University of Alabama head football coach Nick Saban on Monday afternoon weighed in on the player-led #WeWantToPlay movement to save the 2020 college football season.
In an interview with ESPN, Saban commented on the movement that is in part led by Crimson Tide star running back Najee Harris.
The movement, less than a day old, has quickly gained steam, garnering public reactions already by President Donald Trump, other prominent elected officials across the nation and many in and around college football.
Speaking to ESPN, Saban pushed back on the notion that student-athletes will inherently be safer if the season is not played.
“I want to play, but I want to play for the players’ sake, the value they can create for themselves,” Saban said.
“I know I’ll be criticized no matter what I say, that I don’t care about player safety,” he outlined. “Look, players are a lot safer with us than they are running around at home. We have around a 2% positive ratio on our team since the Fourth of the July. It’s a lot higher than that in society. We act like these guys can’t get this unless they play football. They can get it anywhere, whether they’re in a bar or just hanging out.”
The legendary coach noted that the SEC has already pushed back the start of its season to September 26 to allow the fall semester to resume before final decisions are made on football.
“It’s going to be a challenge when the other students get on campus, and I get that,” Saban remarked. “But we really don’t know what that entails until it happens. It’s a big reason we pushed the season back, to assess that, which is the prudent way to do it.”
Bama senior All-American offensive tackle Alex Leatherwood also spoke with ESPN, strongly stating his position. He underscored that players need to have a voice as conferences and schools make decisions.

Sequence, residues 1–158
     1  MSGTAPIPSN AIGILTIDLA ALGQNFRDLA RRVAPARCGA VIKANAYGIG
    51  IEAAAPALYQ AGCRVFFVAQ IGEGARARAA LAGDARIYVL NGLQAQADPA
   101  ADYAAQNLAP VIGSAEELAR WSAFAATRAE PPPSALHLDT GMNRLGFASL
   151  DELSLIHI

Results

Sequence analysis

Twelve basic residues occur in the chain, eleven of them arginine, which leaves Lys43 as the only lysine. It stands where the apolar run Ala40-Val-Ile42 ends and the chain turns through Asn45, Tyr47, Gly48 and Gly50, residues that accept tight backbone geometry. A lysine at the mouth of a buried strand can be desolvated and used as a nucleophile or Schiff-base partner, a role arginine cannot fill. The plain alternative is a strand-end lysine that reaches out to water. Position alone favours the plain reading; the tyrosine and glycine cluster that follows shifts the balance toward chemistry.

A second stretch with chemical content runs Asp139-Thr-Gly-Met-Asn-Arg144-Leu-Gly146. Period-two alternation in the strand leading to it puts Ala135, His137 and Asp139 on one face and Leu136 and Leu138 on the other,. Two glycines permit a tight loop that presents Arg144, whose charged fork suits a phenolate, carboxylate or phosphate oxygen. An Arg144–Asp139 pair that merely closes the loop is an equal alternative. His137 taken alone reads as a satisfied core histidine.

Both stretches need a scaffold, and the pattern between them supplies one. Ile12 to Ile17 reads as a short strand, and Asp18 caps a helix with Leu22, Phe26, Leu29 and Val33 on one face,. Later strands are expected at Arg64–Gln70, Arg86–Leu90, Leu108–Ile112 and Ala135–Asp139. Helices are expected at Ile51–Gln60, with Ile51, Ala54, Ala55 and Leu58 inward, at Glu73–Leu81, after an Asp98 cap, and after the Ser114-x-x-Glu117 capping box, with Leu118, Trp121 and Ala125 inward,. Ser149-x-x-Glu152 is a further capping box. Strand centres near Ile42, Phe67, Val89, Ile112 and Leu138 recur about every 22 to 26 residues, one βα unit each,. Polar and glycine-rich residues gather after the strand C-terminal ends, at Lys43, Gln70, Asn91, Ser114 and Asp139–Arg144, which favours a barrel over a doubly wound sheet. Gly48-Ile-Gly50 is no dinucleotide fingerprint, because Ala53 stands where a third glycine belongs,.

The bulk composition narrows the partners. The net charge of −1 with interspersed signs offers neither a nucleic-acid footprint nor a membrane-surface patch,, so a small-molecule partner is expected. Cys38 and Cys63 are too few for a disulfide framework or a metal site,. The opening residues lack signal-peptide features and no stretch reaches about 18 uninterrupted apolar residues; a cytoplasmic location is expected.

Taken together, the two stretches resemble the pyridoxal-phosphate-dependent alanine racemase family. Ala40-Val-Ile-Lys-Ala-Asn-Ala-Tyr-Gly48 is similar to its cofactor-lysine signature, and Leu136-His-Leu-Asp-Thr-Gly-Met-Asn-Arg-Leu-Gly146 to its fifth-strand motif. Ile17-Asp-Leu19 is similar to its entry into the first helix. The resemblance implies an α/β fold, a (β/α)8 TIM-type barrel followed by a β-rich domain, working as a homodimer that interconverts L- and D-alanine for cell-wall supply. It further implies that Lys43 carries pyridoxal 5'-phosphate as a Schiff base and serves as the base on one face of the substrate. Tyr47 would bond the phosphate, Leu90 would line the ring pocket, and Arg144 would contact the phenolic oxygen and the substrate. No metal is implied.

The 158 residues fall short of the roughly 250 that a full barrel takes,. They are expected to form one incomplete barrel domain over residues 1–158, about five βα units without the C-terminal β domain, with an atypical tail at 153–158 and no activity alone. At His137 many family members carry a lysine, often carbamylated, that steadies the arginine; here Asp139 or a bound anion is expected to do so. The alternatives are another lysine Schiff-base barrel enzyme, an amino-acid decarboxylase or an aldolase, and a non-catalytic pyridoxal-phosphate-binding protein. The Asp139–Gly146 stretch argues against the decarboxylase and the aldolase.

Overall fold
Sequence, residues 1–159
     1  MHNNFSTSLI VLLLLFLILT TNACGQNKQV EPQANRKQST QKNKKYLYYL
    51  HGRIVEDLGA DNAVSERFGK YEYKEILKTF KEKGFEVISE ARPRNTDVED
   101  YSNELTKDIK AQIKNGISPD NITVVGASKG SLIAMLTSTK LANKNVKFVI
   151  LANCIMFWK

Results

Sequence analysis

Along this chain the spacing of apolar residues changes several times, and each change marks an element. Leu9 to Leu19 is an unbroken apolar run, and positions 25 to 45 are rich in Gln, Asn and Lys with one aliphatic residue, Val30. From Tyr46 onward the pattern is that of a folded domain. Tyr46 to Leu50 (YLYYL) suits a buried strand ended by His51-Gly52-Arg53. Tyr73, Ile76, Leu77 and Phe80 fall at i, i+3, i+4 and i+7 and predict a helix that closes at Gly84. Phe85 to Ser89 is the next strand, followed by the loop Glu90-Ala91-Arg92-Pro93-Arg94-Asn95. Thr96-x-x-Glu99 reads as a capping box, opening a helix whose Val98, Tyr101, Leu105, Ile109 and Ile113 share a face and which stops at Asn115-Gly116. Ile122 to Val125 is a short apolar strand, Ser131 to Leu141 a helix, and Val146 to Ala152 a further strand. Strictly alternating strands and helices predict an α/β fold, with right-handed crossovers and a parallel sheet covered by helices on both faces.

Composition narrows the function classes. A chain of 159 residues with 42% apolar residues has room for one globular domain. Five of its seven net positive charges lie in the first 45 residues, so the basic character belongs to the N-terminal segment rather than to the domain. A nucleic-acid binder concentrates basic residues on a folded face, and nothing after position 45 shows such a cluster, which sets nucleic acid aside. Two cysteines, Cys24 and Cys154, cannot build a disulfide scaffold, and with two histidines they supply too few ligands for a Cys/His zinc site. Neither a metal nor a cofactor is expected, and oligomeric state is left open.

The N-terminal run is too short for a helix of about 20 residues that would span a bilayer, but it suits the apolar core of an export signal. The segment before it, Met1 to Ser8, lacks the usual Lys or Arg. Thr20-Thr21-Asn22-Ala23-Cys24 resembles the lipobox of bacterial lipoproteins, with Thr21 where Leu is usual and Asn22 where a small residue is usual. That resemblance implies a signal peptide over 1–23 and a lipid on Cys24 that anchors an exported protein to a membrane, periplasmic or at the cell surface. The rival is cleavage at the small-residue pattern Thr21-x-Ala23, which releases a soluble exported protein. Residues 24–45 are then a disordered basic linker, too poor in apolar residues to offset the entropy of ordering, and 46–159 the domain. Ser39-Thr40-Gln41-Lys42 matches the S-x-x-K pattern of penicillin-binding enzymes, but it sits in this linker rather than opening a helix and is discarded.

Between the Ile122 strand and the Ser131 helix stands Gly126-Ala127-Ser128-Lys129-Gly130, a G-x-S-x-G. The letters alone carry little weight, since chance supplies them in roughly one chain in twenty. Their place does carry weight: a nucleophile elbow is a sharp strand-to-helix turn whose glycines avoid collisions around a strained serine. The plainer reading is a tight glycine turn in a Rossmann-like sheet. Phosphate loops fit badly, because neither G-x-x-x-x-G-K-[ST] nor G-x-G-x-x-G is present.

“There’s a lot of noise and bad stuff out there about playing football with the virus going on, but I haven’t really seen anything about what the players want,” Leatherwood told ESPN. “We’ve been grinding all summer, and you don’t want it to be all for nothing.
“The story that needs to be written is that we want to play,” he added. “We take risks every single day, especially in this sport, and life shouldn’t stop. If there is a chance for long-term effects if you get it and people don’t feel comfortable, then don’t play. Everybody is entitled to their right. But we want to play, and we’re going to play.”
Harris, speaking to ESPN, praised Saban’s leadership.
“Coach Saban listens to his players and wants to hear from us first,” the running back advised. “He told us that none of this is about him, but it’s about us. He wants to hear our concerns, and we made it clear that we want to play and feel like Alabama is doing everything they can to make sure we can play safely.”
Lt. Governor Will Ainsworth backed Saban on the matter in a tweet.
“I’m with Coach Saban on this one. The player are much safer on campus and at practice than back home. For the players sake, let them play,” he commented.
Sean Ross is the editor of Yellowhammer News. You can follow him on Twitter @sean_yhn